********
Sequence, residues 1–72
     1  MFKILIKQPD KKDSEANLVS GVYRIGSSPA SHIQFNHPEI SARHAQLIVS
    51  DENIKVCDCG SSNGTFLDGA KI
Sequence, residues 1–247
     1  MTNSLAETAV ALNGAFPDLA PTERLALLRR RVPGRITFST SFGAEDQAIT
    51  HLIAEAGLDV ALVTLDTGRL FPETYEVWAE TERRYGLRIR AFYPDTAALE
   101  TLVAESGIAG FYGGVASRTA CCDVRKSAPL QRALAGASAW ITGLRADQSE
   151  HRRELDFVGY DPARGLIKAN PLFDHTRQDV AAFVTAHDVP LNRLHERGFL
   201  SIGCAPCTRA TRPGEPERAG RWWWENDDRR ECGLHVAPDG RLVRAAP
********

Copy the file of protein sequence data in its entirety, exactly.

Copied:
Sequence, residues 1–72
     1  MFKILIKQPD KKDSEANLVS GVYRIGSSPA SHIQFNHPEI SARHAQLIVS
    51  DENIKVCDCG SSNGTFLDGA KI
Sequence, residues 1–247
     1  MTNSLAETAV ALNGAFPDLA PTERLALLRR RVPGRITFST SFGAEDQAIT
    51  HLIAEAGLDV ALVTLDTGRL FPETYEVWAE TERRYGLRIR AFYPDTAALE
   101  TLVAESGIAG FYGGVASRTA CCDVRKSAPL QRALAGASAW ITGLRADQSE
   151  HRRELDFVGY DPARGLIKAN PLFDHTRQDV AAFVTAHDVP LNRLHERGFL
   201  SIGCAPCTRA TRPGEPERAG RWWWENDDRR ECGLHVAPDG RLVRAAP